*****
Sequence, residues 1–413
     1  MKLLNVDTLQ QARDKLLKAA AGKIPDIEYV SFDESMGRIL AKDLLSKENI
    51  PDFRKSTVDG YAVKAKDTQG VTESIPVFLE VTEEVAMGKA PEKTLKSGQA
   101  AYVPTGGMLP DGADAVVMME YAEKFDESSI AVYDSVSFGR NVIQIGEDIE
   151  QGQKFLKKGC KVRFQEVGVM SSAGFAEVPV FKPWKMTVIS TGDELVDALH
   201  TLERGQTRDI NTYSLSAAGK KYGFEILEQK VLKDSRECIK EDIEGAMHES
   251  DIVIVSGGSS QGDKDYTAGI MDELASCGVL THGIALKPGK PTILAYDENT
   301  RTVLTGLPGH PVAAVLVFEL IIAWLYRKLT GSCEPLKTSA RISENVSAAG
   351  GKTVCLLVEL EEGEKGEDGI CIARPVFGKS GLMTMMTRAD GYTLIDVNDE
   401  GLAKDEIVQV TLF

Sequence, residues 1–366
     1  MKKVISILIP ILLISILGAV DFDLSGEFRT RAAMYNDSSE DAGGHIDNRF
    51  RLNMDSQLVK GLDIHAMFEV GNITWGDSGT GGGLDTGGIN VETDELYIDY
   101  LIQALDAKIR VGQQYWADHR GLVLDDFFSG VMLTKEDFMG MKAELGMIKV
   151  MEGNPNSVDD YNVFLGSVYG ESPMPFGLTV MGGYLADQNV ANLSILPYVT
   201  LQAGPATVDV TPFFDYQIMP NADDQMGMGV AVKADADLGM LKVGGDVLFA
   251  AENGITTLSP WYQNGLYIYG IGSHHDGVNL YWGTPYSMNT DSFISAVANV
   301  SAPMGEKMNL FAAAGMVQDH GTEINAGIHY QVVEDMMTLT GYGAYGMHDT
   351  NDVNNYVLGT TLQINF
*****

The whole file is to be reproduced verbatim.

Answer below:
Sequence, residues 1–413
     1  MKLLNVDTLQ QARDKLLKAA AGKIPDIEYV SFDESMGRIL AKDLLSKENI
    51  PDFRKSTVDG YAVKAKDTQG VTESIPVFLE VTEEVAMGKA PEKTLKSGQA
   101  AYVPTGGMLP DGADAVVMME YAEKFDESSI AVYDSVSFGR NVIQIGEDIE
   151  QGQKFLKKGC KVRFQEVGVM SSAGFAEVPV FKPWKMTVIS TGDELVDALH
   201  TLERGQTRDI NTYSLSAAGK KYGFEILEQK VLKDSRECIK EDIEGAMHES
   251  DIVIVSGGSS QGDKDYTAGI MDELASCGVL THGIALKPGK PTILAYDENT
   301  RTVLTGLPGH PVAAVLVFEL IIAWLYRKLT GSCEPLKTSA RISENVSAAG
   351  GKTVCLLVEL EEGEKGEDGI CIARPVFGKS GLMTMMTRAD GYTLIDVNDE
   401  GLAKDEIVQV TLF

Sequence, residues 1–366
     1  MKKVISILIP ILLISILGAV DFDLSGEFRT RAAMYNDSSE DAGGHIDNRF
    51  RLNMDSQLVK GLDIHAMFEV GNITWGDSGT GGGLDTGGIN VETDELYIDY
   101  LIQALDAKIR VGQQYWADHR GLVLDDFFSG VMLTKEDFMG MKAELGMIKV
   151  MEGNPNSVDD YNVFLGSVYG ESPMPFGLTV MGGYLADQNV ANLSILPYVT
   201  LQAGPATVDV TPFFDYQIMP NADDQMGMGV AVKADADLGM LKVGGDVLFA
   251  AENGITTLSP WYQNGLYIYG IGSHHDGVNL YWGTPYSMNT DSFISAVANV
   301  SAPMGEKMNL FAAAGMVQDH GTEINAGIHY QVVEDMMTLT GYGAYGMHDT
   351  NDVNNYVLGT TLQINF